A paper published in the May/June issue of the Journal of Hospital Medicine shows that a collaborative approach to medication reconciliation (“med rec”) appears to both prevent adverse drug events and pay for itself.
The paper, “Nurse-Pharmacist Collaboration on Medication Reconciliation Prevents Potential Harm,” found that 225 of 500 surveyed patients had at least one unintended discrepancy in their house medication list (HML) on admission or discharge. And 162 of those patients had a discrepancy ranked on the upper end of the study’s risk scale.
However, having nurses and pharmacists work together “allowed many discrepancies to be reconciled before causing harm,” the study concluded.
“It absolutely supports the idea that we need to approach medicine as a team game,” says hospitalist and lead author Lenny Feldman, MD, FACP, FAAP, SFHM, of John Hopkins School of Medicine in Baltimore. “We can’t do this alone, and patients don’t do better when we do this alone.”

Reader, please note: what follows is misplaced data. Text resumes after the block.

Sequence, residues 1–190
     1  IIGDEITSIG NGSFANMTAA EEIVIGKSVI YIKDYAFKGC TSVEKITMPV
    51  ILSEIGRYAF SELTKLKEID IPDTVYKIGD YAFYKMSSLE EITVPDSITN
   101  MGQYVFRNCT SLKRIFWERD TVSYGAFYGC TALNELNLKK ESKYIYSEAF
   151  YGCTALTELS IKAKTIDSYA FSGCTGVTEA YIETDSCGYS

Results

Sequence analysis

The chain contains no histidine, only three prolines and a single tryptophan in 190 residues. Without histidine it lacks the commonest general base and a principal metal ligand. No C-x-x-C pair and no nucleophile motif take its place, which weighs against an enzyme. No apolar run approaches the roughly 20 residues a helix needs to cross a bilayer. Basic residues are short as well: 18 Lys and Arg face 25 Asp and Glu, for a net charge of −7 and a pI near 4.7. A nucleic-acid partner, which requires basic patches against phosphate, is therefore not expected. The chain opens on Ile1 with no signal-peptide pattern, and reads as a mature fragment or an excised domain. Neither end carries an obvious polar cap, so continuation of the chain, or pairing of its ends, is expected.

The study noted that it cost $113.64 to find one potentially harmful medication discrepancy. To offset those costs, an institution would have to prevent one discrepancy for every 290 patient encounters. The Johns Hopkins team averted 81 such events, but Dr. Feldman notes that without a control group, it’s difficult to say how many of those potential issues would have been caught at some other point in a patient’s stay.
Still, he says, part of the value of a multidisciplinary approach to med rec is that it can help hospitalists improve patient care. By having nurses, physicians, and pharmacists working together, more potential adverse drug events could be prevented, Dr. Feldman says.
“That data-gathering is difficult and time-consuming, and it is not something hospitalists need do on their own,” he adds.